That is what 21 year Olds are here to do: They are here to rock the planet senseless.
But Olds did more than build Nurse-Family Partnership; he did the rigorous evaluation to prove it would work.
For instance, one day some four or five year Olds in our village went and picked some peas in the fields, and they got caught.
But the real fear of God should be put into 40 to 55 year Olds.
She points out that 12 year Olds today are less naïve than they used to be.
He dropped immediately to his knees behind the rusting bulk of an Olds 88.
My daughter, she's a lidy as keeps 'erself TO 'erself, as the sayin' is, an' 'Olds 'er 'ead up.
He had been broken, at least—and at most—as much broken as the rest of the three and four year Olds in the corral.
The 17 year Olds I know understand to a nicety just how dangerous a computer can be.
So she 'Olds the brat, and I never sees it agin; and there's an ind of the bother!'
Old English ald (Anglian), eald (West Saxon) "aged, antique, primeval; elder, experienced," from West Germanic *althas "grown up, adult" (cf. Old Frisian ald, Gothic alþeis, Dutch oud, German alt), originally a past participle stem of a verb meaning "grow, nourish" (cf. Gothic alan "to grow up," Old Norse ala "to nourish"), from PIE root *al- "to grow, nourish" (cf. Greek aldaino "make grow, strengthen," althein, althainein "to get well;" Latin alere "to feed, nourish, bring up, increase," altus "high," literally "grown tall," almus "nurturing, nourishing," alumnus "fosterling, step-child;" Old Irish alim "I nourish").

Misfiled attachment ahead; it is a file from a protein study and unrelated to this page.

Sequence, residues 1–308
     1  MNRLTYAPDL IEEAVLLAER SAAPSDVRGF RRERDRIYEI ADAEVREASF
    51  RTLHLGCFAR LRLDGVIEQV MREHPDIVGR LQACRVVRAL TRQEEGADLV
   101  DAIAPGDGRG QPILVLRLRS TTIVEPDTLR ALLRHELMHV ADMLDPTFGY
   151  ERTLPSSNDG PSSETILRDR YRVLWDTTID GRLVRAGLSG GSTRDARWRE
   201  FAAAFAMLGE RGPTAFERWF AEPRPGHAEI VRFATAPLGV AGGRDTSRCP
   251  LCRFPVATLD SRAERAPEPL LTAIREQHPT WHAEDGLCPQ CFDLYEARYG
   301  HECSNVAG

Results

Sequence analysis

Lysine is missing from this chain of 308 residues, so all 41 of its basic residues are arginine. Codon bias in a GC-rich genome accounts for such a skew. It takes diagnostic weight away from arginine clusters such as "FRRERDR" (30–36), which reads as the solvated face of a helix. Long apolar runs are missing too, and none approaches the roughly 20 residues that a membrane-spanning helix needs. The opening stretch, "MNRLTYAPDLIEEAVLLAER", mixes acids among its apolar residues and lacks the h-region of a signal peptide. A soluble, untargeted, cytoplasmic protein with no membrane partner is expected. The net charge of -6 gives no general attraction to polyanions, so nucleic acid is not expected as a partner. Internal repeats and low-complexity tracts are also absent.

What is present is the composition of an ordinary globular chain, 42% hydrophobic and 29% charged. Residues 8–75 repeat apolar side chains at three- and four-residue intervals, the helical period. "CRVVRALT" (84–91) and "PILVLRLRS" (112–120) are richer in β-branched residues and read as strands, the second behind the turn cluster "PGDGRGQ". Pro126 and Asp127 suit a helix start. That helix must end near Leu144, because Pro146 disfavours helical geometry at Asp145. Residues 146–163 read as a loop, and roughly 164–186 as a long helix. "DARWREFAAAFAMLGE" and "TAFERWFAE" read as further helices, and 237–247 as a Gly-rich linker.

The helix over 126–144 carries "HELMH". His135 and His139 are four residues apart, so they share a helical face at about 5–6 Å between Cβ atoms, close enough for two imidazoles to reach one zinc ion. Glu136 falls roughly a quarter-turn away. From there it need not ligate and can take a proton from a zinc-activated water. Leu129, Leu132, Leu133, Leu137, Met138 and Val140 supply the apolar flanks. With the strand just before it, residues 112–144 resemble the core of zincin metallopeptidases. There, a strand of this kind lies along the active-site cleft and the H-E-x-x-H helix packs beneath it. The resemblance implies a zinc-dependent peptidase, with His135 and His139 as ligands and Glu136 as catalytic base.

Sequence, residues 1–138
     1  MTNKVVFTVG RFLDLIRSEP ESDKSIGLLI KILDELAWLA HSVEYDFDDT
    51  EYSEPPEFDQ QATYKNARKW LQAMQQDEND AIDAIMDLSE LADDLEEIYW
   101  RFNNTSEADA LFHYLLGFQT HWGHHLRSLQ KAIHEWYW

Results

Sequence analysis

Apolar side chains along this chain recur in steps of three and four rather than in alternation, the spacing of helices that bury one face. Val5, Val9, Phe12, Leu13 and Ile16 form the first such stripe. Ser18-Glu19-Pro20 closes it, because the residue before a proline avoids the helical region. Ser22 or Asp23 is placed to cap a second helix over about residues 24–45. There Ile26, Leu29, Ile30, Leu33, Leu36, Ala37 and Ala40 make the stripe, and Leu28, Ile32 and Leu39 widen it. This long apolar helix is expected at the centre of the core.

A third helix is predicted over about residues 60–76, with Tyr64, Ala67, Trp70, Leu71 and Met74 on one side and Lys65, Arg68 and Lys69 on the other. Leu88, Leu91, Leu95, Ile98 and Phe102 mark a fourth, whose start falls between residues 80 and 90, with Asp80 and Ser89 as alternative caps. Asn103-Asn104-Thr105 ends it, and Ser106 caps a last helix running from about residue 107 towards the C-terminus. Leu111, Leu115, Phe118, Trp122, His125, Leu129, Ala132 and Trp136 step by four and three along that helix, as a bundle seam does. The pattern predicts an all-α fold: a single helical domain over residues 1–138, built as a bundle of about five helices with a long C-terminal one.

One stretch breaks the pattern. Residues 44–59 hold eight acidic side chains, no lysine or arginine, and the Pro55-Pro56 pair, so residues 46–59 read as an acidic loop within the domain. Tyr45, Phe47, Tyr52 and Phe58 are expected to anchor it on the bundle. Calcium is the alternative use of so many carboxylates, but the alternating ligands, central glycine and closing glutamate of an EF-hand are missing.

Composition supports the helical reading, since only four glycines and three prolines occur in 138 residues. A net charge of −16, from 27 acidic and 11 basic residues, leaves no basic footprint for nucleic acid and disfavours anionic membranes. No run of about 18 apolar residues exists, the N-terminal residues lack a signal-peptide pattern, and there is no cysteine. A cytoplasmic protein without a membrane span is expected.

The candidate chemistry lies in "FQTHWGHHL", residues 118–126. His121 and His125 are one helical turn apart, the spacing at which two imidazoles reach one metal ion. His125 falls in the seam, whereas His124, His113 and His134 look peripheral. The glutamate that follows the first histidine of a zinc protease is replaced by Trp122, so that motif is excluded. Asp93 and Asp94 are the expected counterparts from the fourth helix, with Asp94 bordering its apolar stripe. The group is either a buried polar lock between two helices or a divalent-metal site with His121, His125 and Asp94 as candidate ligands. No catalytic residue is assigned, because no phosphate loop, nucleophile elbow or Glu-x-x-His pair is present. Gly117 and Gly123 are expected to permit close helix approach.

The usual PIE root is *sen- (see senior (adj.)). A few Indo-European languages distinguish words for "old" (vs. young) from words for "old" (vs. new), and some have separate words for aged persons as opposed to old things. Latin senex was used of aged living things, mostly persons, while vetus (literally "having many years") was used of inanimate things. Greek geraios was used mostly of humans; Greek palaios was used mostly of things, of persons only in a derogatory sense. Greek also had arkhaios, literally "belonging to the beginning," which parallels French ancien, used mostly with reference to things "of former times."
Old English also had fyrn "ancient," related to Old English feor "far, distant" (see far, and cf. Gothic fairneis, Old Norse forn "old, of old, of former times," Old High German firni "old, experienced"). The original Old English vowel is preserved in Scots auld, also in alderman. The original comparative and superlative (elder, eldest) are retained in particular uses.
First record of old-timer is from 1860. Expression old as the hills first recorded 1819. The good old days dates from 1828. Of old "of old times" is from late 14c. Old Glory for "the American flag" is first attested 1862. Old maid "woman who remains single well beyond the usual marrying age" is from 1520s; the card game is attested by that name from 1844. Old man "man who has lived long" is from c.1200; sense of "husband, father, boss" is from 1854, earlier (1830) it was military slang for "commanding officer;" old lady "wife, mother" is attested from c.1775. Old English is attested from 1701, originally as a type of font. Old boy originally was a former pupil of one of the English public schools. Old Testament attested from mid-14c.
Good; dear; well-liked: What's old Donald up to now? (1598+)